It’s not easy to move countries, though. There’s the issues you’d have anywhere – losing your extended support network of friends, missing the familiar you’ve had all your life, and not realising you don’t know how to post a letter until you need to do so. All these are destabilising in different ways. The hardest things in South Africa are intangible. Only a fool would pretend London is free of prejudice, but equally diversity is a reasonably accepted and celebrated fact of life. It’s the honest truth to say that in London I just don’t notice skin colour. Cut to a small group of fellow clergy a year ago in Cape Town, and one man is saying to me ‘Dave, what do you see when you look at me?’. ‘I see [his name]’, I said. That was true. That was who I saw.  He didn’t believe me. After ten minutes of trying to explain to him that the first thing I see when I look at a person isn’t skin colour, we gave up. It was too big a cultural gap for us both to cross.

It would be easy to say that’s something he needs to be healed of. In some senses, maybe – but it’s as much for me to be healed and changed. I need to learn what it’s like for people of all ethnicities to live in a context where the colour of skin was the primary mode of identification. The new South Africa is years old now, people are coming of voting age who only know what it’s like to live in freedom. Still the ripples of apartheid spread; poverty traps, issues of race and corruption and justice inflame. As my friend Sharlene, a leading South African social scientist, puts it in one of her books [paraphrase] “Apartheid is like a large worm that has laid many eggs. Even though the worm is long dead, the eggs are still hatching” (‘Ikasi: The Moral Ecology Of South Africa’s Township Youth’ by Sharlene Swartz). It’s this, and issues around it, that make South Africa one of the most challenging contexts in the world to work in – according to an aid worker I know of who has worked in post-genocide Rwanda. You’re navigating a minefield with no map and the mines are constantly shifting.

All of which is a convoluted way in to talk about a novel I’ve just finished reading. Absolution by Patrick Flanery is a debut novel that arrived last year on a wave of glowing reviews and awards nominations. It presents us with a series of interlocking and unraveling stories in South Africa: Sam, a writer researching a biography and simultaneously seeking resolution over his dead parents and murdered childhood carer; Clare, a novelist, is the subject of Sam’s biography, recovering from the trauma of a home invasion and seeking forgiveness for betraying her sister and her fractured relationship with her daughter. There’s something between author and subject, of which we learn in slowly revealed moments as stories are told and revisited. It’s a cunningly told tale – told from different perspectives and shifting back and forth in time. We’re told what characters think is true, but we’re never quite sure what truth is. That and the writing is beautiful – images are spun with clarity and haunting perception. It’s clear and readable on a plane – but it’s never simplistic or dull. It’s a transcendent and magnificent.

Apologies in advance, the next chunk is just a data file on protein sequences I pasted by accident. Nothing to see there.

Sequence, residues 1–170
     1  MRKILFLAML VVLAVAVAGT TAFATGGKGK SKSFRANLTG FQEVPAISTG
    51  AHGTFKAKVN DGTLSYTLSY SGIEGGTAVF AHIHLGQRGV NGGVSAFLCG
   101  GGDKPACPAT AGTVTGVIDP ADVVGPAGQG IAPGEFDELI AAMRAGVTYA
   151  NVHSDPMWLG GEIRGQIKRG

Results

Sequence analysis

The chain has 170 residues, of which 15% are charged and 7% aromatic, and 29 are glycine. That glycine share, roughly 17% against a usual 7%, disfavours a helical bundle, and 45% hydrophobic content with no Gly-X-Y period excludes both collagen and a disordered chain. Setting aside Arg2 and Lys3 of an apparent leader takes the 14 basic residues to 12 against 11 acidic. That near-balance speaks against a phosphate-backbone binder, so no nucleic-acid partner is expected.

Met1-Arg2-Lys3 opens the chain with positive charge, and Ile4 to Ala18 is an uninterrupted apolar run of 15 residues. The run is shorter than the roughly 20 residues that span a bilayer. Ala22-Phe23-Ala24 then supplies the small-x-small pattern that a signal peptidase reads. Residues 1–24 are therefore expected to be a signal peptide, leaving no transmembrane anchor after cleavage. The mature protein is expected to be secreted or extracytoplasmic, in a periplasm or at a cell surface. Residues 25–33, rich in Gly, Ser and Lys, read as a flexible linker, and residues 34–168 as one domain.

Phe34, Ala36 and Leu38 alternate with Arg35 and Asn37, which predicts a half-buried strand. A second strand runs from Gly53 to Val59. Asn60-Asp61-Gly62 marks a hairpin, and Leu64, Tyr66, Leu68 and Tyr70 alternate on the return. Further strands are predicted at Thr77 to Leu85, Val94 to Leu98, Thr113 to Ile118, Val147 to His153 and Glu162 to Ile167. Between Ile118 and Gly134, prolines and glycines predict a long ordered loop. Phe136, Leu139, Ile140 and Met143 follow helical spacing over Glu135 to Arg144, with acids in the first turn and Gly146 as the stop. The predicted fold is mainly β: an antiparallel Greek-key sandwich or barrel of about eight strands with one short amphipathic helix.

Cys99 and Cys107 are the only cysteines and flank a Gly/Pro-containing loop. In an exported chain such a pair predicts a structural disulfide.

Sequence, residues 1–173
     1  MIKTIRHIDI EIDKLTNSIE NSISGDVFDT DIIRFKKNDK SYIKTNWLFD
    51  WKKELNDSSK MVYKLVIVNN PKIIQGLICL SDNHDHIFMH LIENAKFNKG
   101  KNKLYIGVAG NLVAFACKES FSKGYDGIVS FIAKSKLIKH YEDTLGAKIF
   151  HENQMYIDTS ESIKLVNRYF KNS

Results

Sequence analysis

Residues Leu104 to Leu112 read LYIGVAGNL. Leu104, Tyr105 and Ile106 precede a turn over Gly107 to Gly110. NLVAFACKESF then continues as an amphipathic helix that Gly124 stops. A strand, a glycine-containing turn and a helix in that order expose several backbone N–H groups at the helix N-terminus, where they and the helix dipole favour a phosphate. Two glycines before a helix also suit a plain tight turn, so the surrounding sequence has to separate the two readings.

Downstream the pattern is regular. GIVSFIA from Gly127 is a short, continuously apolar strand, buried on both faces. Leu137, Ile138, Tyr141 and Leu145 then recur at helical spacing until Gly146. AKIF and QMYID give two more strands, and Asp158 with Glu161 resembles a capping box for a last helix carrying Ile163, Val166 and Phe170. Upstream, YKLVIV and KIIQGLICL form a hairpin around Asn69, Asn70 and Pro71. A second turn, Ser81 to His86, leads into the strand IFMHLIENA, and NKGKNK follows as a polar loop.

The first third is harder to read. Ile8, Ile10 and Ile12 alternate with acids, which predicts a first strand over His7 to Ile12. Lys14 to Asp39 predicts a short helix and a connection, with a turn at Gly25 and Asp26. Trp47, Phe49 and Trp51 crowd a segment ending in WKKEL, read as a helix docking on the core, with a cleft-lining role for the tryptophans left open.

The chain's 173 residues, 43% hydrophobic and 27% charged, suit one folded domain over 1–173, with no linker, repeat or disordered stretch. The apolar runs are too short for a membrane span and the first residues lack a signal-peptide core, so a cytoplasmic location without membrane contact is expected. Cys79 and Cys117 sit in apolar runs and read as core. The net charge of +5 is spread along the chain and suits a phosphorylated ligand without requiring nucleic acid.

It also captures the endless decisions of daily South African life – is it safe with the back door open on a hot day? How much, how often – if at all – should I give to those calling at the door for money? Where are the panic buttons? Is what fear leads me to see true? Why must I keep seeing skin colour before the person – and yet feel like I have no choice? Reading it felt like gazing at a beautifully rendered painting of all the difficult questions I’ve been asked or asked myself over the last three and a half years.

A brilliant novel from a new South African novelist, I thought. Or at least until I decided to find out a little more about the author. He’s an American living in Britain who’s visited South Africa. A couple of times. Which given the depth of insight into South African life – the layers of truth and half-truth, the quarrels of fear and freedom, a recent past of censorship and activism and betrayal, and what it’s like to live in that and all that entails – is frankly staggering. Either the author’s biography is another layer of deception and truth, or he’s a profoundly gifted writer of rare insight, courage and compassion. Given that this is a book which puts into words of heartbreaking beauty parts of your soul you hope don’t exist, I’m guessing it’s the later.

I rated this book 5/5 on goodreads.com.